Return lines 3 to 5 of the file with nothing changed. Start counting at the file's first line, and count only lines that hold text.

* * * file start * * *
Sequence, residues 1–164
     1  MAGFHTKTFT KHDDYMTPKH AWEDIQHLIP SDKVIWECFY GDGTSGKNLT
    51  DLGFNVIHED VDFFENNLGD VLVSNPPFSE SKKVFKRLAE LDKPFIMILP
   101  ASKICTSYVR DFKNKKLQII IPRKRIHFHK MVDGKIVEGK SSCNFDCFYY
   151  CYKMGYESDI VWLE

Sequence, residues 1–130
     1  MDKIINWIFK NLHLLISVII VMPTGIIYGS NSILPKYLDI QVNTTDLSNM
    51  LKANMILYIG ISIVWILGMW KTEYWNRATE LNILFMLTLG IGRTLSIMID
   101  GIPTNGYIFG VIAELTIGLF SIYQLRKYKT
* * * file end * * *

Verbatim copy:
    51  DLGFNVIHED VDFFENNLGD VLVSNPPFSE SKKVFKRLAE LDKPFIMILP
   101  ASKICTSYVR DFKNKKLQII IPRKRIHFHK MVDGKIVEGK SSCNFDCFYY
   151  CYKMGYESDI VWLE